If Finn’s been making trouble elsewhere, this would be a great time for that to be found out, and perhaps have an alarm go off.  This is going to make things harder, but it doesn’t create an immediate consequence.

But supposing he hasn’t, the GM might have the door go someplace other than Finn’s player expects.  Perhaps his map is wrong, or he picked the wrong door, and now he’s lost, or in an awkward location.

If Finn had bought more trouble (say, he’d rolled  – – – +), then the door might go someplace like a closet, or to a room where the staff are preparing a meal, and now he has a whole new problem. 

Using These Rules

You can drop these rules into any Fate game, and they’ll work fine.  However, there are some interactions that are going to be worth watching.

First, in games where there are a LOT of Fate points in play, this is going to be a less appealing option, because the mechanical utility of this approach depends on the pressure to offset a bad roll.  If fate points are bountiful, there’s very little pressure to take consequences.  That’s not necessarily a bad thing – presumably the many fate points mean that compels are keeping things plenty interesting, so complications are less necessary.  This rule still works in those games, it just may come up less often. 

Second, this approach synergizes well with having aspects flip dice rather than give a flat +2, because it keeps bonuses bounded, and it introduces a bit of a dynamic of using aspects to avoid trouble when appropriate. 

Options

Nuanced Trouble

There may be a temptation to let players decide how much trouble they want to buy (rather than have it be all or nothing) .  That’s fine, and it’s a reasonable option, but it has the risk of introducing analysis paralysis.  Don’t use this option if your players are going to take more than half a second deciding how many minuses they’ll spend.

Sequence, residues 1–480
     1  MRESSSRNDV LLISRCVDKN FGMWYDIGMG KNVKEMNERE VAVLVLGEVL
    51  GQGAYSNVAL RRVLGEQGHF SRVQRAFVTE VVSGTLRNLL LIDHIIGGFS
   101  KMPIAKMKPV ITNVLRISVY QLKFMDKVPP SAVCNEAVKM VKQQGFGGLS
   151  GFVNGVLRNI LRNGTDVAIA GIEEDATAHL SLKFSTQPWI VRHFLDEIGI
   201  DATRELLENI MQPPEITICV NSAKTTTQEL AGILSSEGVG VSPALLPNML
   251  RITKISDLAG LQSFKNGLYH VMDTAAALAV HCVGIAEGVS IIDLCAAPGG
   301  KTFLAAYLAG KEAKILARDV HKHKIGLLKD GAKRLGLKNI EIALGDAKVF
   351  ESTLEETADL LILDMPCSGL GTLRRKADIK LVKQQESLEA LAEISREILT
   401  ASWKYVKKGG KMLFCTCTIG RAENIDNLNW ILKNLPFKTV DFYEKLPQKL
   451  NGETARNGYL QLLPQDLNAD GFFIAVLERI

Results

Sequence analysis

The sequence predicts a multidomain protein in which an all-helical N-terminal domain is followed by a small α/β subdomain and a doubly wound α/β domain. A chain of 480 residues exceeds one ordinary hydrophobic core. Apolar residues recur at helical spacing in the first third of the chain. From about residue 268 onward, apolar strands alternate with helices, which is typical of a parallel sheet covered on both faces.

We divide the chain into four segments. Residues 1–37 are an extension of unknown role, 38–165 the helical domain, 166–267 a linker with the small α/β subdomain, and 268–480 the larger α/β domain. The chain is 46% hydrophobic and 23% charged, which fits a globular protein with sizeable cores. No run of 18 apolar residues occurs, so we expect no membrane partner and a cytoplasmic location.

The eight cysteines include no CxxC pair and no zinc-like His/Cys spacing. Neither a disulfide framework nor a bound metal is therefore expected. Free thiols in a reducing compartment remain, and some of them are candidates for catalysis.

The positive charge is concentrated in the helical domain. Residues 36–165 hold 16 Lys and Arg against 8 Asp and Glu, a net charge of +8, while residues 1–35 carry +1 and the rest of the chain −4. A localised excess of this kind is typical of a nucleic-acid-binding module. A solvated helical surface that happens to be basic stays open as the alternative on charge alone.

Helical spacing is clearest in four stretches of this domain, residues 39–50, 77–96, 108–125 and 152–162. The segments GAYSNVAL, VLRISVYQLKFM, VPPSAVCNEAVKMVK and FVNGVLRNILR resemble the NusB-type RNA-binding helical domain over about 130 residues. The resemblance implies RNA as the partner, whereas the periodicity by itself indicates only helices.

Closed Economy

For players who like to constrain the overall Fate Point budget in play, consider this option:  

  1. The GM starts play with a fixed pool of Fate Points (say, 1 per player)
  2. When the player takes a complication, the GM may opt to take a number of Fate Points equal to the level of the complication.
  3. The GM’s Fate point pool is limited to those on hand.

Bargains

Aka “The Morgan Rule” – If you want to steal Devil’s Bargains from Blades, they can turn blanks to plusses.  Not sure if this really works, but – putting a pin in it as I think.

Next

So, this is pretty much version 0.1. I’m genuinely excited to try this at the table and see how it evolves. I suspect the closed economy option has got a lot of legs, because I think it might be a real solution to the se’f-compel issue. My biggest concern is to see how well it plays with the flow of fate points. They might be complimentary, but there’s a non-zero chance of them tripping over each others shoelaces, in which case this might be the basis for something else entirely.

2 thoughts on “Buying Trouble

Leave a Reply to Rob Donoghue Cancel reply

Your email address will not be published. Required fields are marked *

This site uses Akismet to reduce spam. Learn how your comment data is processed.